Mar 4, 2014
‘Economic Action Plan 2014 announces that a private sector steering committee will be established to lead the development of a “Made-in-Canada” consumer awareness campaign.
‘…To help address the interests of consumers and highlight the quality and range of Canadian products, as we compete in more diverse export markets, the Government will undertake consultations with the private sector to develop a “Made-in-Canada” branding campaign…’
As a proud Canadian, my right-off-the-top-of-my-head reaction to this proposed campaign is wildly enthusiastic. After all, we are most excellent shooters of pucks, drinkers of beer and extractors of petroleum. We are growers of wheat, sayers of “I’m sorry” and exporters of Arctic air masses. We are Canadians and right now, at least, our national identity is about our success at hockey and freestyle athletes who spend much of their time in the air, upside down. But this is more than own the podium. This is a sustainable increase in sales.
The first of my whole cranium full of questions about this campaign has to do with who we are targeting. The stated purpose is consumer awareness. But to me, any Made in Canada program has to win the hearts and will of both manufacturers and their customers who each must believe that a Made in Canada logo will add cachet to whatever they’re trying to sell. As Canadians, we love our country. We’re proud of our country. But, we’re also savvy enough to realize that a Made in Canada program has to stand for something beyond red mittens and waving the flag.
If we’re consulted at Spyder Works, and I hope we are, my first concern would be confusing Canada-the-country with Canada-the-manufacturer, exporter and purveyor of customer satisfaction. Which positive attributes of a successful country contribute to the positive attributes of a brand? Do Canadian companies reflect where they live? And another question I have is whether Made in Canada is the same as Imagined in Canada ? We have increasingly become a knowledge economy but many of our inventions, inspirations and innovations are actually made in China, or Mexico, or India.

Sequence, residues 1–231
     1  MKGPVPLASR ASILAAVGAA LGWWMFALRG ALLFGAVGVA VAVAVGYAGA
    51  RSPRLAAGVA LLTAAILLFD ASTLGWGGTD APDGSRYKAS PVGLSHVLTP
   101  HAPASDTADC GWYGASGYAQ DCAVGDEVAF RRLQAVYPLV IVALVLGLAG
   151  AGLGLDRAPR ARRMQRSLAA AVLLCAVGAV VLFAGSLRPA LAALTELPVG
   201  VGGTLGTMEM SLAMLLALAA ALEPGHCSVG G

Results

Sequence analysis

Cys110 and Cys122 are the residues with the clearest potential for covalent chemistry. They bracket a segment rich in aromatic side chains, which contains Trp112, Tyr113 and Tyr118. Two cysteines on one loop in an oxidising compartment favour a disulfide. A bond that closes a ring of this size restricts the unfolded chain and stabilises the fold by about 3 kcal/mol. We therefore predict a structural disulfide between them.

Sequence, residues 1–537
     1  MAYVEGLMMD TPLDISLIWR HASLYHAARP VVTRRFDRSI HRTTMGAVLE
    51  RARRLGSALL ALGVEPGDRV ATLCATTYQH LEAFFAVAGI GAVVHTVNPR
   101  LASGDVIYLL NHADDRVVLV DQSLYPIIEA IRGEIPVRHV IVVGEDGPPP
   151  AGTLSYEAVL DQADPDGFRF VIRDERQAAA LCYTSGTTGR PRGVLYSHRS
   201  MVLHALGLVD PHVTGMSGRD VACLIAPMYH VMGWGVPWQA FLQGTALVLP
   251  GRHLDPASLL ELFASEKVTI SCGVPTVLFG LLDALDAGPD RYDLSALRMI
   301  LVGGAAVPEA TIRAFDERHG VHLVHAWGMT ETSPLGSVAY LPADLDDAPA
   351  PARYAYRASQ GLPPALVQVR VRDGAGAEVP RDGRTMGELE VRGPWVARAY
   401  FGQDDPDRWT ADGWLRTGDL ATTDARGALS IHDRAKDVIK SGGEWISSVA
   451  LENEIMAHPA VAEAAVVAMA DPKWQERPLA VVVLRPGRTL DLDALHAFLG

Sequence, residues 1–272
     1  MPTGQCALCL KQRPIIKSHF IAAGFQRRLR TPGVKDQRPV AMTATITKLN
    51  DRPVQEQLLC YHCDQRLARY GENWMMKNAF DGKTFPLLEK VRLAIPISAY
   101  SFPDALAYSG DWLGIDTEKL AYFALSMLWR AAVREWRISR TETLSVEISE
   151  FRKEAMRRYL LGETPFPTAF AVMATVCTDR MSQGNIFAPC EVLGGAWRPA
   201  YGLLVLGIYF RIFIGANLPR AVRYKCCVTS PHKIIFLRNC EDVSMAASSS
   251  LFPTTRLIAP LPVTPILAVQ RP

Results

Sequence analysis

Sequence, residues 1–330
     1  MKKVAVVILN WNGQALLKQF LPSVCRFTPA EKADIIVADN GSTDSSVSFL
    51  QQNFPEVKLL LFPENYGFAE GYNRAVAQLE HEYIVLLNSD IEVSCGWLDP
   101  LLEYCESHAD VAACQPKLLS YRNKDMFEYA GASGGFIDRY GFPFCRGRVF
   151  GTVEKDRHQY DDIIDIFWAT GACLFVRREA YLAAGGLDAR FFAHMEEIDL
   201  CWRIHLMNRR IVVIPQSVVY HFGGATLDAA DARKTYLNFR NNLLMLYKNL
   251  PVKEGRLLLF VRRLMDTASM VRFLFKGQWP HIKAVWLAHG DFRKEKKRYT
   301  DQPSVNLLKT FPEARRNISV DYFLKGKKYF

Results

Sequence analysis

If we are to put aside the Olympic celebration and ask what Canada really stands for, what are we really selling here? On the plus side, we are an inclusive and diverse society that makes an honest effort to take compassionate care of our citizens. We are brave peacekeepers. We are well educated, creative and open-minded. We are home to many well known global brands in many different categories like Lululemon, Roots, G Adventures, Bombardier, Blackberry, Agrium and Magna. We are friendly and polite. We are active and activists.
We talk a lot about innovation, but I don’t think the world necessarily notices. But maybe, most noteworthy of all, with a population of 34 million, we are not a big country. We are not Walmart or Home Depot. We are more like a boutique with a hundred locations and we are not going to undersell anyone. Maybe that’s what we need to talk about. What is it about our Made in Canada boutique and Made in Canada logo that could excite our own Canadian companies, Canadian consumers and the rest of the world?